When Breath Becomes Air is a book dedicated to the idea of time and mortality. It is both a devastating and comforting book from a man who spent the majority of his life grappling with how to live a meaningful life, and his book explores that necessary theme. Dr. Paul Kalanithi takes the reader on an emotional and moving memoir of family, medicine, and literature. When Breath Becomes Air brims with insightful reflections on mortality that are especially moving coming from a trained physician familiar with what lies ahead. Throughout his memoir, Kalanithi wrestles not only with the concept of time, death, and meaning, but also with expectations, goals, and living. Markedly, Kalanithi ponders what makes life meaningful in the face of death and decay.
The book opens with Kalanithi flipping through CT scans of an obvious diagnosis of lung cancer. This was nothing new to him; as a neurosurgical resident entering his final year of training, he’d examined scores of such scans – the only difference with this one: it was his own. At the age of 36, after 10 years of relentless training and within months of completing his neurosurgical fellowship, Kalanithi was diagnosed with stage IV lung cancer. That morning, he was a doctor treating the dying and fielding job offers from major universities, and by lunch, he was a patient struggling to live. Now, Kalanithi sits as a terminal patient in the same hospital where he’d explained complex operations and terminal diagnoses to patients, where he’d pronounced patients dead, and where he’d congratulated patients on being cured of a disease. His life had been building potential; potential that would now go unrealized. With those scans, the future he’d imagined vanished, and just like that, he faced the same existential plights his patients faced. Death, so familiar to him in his work, was now paying him a personal visit.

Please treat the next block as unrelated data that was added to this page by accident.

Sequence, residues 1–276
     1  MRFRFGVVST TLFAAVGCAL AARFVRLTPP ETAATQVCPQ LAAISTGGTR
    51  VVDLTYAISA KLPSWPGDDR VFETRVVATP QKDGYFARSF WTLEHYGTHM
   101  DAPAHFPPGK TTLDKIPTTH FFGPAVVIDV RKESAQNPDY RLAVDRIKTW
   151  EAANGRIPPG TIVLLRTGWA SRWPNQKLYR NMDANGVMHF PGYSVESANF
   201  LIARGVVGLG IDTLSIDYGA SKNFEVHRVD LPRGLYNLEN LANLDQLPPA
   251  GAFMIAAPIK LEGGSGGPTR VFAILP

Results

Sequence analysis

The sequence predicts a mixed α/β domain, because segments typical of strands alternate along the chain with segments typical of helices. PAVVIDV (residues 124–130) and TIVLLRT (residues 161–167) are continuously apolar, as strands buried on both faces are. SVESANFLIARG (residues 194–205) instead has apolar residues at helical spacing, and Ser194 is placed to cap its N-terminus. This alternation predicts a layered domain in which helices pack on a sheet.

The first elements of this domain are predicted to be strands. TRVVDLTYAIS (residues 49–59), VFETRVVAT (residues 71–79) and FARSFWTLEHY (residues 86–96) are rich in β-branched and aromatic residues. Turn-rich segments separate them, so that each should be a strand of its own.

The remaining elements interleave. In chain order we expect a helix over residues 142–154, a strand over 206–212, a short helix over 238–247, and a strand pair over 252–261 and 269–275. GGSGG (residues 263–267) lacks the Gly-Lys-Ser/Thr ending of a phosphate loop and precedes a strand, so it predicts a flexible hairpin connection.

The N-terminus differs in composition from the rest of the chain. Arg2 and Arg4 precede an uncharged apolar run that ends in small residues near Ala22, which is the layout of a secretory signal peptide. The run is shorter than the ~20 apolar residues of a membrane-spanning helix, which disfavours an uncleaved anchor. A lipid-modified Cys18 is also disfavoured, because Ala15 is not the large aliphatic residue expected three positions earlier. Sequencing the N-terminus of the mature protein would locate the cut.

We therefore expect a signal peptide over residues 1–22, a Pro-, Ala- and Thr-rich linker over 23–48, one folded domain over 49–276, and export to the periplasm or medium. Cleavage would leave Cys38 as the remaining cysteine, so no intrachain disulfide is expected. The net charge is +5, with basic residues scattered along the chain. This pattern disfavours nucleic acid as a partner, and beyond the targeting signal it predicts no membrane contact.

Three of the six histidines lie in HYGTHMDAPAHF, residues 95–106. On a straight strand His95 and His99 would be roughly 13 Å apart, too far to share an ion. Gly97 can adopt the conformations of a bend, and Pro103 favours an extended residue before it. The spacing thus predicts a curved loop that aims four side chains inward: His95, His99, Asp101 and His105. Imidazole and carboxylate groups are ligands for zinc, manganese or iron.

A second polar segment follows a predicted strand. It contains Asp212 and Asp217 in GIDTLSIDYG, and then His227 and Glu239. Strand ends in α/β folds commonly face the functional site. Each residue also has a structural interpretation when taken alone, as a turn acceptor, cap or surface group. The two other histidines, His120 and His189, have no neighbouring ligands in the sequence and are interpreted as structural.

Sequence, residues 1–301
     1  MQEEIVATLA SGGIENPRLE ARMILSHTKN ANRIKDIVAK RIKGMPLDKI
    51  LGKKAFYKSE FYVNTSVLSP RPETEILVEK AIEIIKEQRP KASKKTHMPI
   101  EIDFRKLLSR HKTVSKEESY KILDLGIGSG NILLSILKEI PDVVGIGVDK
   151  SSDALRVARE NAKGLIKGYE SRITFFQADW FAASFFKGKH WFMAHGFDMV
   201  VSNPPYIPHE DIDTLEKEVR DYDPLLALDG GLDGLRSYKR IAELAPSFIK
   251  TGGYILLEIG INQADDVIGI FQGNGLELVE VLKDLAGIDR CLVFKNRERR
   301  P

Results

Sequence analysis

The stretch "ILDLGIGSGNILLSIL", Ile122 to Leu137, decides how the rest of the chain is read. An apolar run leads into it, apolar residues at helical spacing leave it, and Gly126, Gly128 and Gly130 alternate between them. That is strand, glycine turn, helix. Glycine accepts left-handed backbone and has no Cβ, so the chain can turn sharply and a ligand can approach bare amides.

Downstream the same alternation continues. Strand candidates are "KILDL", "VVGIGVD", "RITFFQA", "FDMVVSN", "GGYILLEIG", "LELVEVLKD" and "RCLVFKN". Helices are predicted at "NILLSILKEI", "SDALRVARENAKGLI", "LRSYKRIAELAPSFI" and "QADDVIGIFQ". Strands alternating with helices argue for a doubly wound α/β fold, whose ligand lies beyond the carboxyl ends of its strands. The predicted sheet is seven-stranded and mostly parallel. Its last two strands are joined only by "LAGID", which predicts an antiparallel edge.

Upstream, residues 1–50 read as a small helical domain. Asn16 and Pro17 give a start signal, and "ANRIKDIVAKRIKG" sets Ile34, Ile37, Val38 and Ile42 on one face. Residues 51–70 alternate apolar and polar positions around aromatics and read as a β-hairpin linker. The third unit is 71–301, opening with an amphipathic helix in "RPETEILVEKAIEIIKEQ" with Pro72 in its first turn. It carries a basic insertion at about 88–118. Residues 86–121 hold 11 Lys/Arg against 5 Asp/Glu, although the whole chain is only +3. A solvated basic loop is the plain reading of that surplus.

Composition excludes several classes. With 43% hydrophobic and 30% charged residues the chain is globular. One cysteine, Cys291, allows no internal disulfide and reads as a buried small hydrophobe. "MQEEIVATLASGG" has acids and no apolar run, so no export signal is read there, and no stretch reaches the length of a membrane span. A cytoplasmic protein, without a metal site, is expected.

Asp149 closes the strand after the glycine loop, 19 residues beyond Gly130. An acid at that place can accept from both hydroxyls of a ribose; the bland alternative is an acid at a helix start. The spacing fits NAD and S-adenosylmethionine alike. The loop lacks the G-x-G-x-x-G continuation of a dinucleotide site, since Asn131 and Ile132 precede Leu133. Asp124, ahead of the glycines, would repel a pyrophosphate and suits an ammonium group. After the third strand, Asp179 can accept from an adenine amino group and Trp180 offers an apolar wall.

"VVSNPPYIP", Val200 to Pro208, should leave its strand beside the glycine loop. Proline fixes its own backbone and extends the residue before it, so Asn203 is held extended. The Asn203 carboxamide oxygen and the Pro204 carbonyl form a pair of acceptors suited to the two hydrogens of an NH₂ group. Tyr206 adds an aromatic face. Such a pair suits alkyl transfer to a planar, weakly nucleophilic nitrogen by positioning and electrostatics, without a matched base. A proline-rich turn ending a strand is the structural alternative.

When Breath Becomes Air chronicles Kalanithi’s transformation from an ingenuous medical student “possessed”, as he wrote, “by the question of what, given that all organisms die, makes a virtuous and meaningful life” into a neurosurgeon at Stanford University School of Medicine, and ultimately into a patient and father confronting his own mortality. He begins by taking us through his childhood, when he knew he would never be a doctor. Medicine, to him, meant absence. Specifically, the absence of a father growing up, who went to work before dawn and returned in the dark. Instead, Kalanithi had a love of books – endless books. It was his mother who sparked his intense passion for books. In a quest to see her children educated, she drove them great distances to PSAT, SAT, and ACT prep classes; compiled a mandatory reading list that included literary classics such as 1984 and The Count of Monte Cristo; and demanded advanced placement classes be added to their school’s curriculum – she single-handedly transformed the school system. It was from his mother, Kalanithi posited, that books became his closest confidants and drug of choice.
His love for books and language only grew as he completed his BA and MA at Stanford and MPhil at the University of Cambridge. Yet, after all of his tutelage, Kalanithi was unsatisfied with the answers he’d amassed regarding life and death. He believed the answer rested at the intersection of morality, literature, philosophy, and biology. Notably, he argued that direct experience of life-and-death questions was essential to generating substantial moral opinions about them; he wanted that direct experience. Thus, it was only by practicing medicine that he could pursue a serious biological philosophy. And so, Kalanithi went on to graduate from Yale School of Medicine and then completed his residency and postdoctoral fellowship in neuroscience at Stanford. He had started in this career, in part, to pursue death: to embrace it, demystify it, and see it eye-to-eye. Sadly, it was towards the end of his medical training that Kalanithi received the devastating news of his diagnosis. This direct experience had led him away from literature and academic work; yet, to understand his own direct experiences...